In a recent study by independent business funder Bibby Financial Services, 69 percent of business owners in the UK are optimistic that the economy will not decline in the coming year, and over half of the 1,000 businesses surveyed expect to see steady growth.
The study also revealed that many business owners are planning ahead with almost 60 percent stating that they had, or would be shortly, created business plans for 2014. Many are also looking to expand and exploring funding possibilities to support their ambitions.
Are you considering expansion or growth plans in 2014? If you are, are you confident that you have a strategy, and the systems and processes in place to support them?
To read more about the study and download the whitepaper click here.
As a follow on to my previous article on cash flow management let’s look at ways to prevent poor cash flow.
Healthy cash flow isn’t achieved simply by making sure your outgoings don’t exceed income. If you’re to survive, sufficient cash must enter your business so you can pay your bills when your suppliers ask for their money.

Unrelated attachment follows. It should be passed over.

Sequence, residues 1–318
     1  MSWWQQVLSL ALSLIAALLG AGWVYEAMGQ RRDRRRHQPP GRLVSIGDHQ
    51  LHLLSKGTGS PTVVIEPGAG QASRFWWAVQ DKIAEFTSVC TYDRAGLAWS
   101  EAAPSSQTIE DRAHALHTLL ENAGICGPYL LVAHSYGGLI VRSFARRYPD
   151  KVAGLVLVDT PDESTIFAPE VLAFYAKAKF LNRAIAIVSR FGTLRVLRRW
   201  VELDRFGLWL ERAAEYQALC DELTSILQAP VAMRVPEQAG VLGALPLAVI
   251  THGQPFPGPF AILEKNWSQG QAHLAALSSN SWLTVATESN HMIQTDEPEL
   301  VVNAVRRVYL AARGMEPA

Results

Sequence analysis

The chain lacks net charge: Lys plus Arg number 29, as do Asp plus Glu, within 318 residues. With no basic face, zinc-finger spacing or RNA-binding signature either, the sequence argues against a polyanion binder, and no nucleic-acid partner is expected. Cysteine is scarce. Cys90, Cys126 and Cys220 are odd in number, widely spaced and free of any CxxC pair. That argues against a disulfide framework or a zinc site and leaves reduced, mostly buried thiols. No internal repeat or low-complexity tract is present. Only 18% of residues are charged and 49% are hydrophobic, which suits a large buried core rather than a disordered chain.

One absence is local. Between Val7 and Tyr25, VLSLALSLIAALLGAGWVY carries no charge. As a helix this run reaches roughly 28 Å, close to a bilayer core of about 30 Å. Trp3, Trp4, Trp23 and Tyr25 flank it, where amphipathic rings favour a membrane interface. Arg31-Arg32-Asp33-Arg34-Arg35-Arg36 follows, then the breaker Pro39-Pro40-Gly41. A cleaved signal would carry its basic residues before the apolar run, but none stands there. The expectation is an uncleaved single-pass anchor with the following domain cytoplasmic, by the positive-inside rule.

Steps to prevent poor cash flow
Here are some suggestions for things you can do to prevent these scenarios (mentioned in my previous article) from occurring in the first place.
Effective cash flow management is crucial. Although it’s a challenge and you need to be making enough sales, there are many things you can do to ensure sufficient cash enters your business when you need it to.
In tough economic times, many small businesses struggle to manage their cash flow adequately. Where they once thought they were cruising along nicely, a bump appears in the road and they are thrown off course. All business owners should undertake what the experts call a ‘stress test’ of the business and have risk management strategies in place to ensure the business survives bumps along the way.
So what does a ‘stress test’ involve and more importantly, what does it all mean?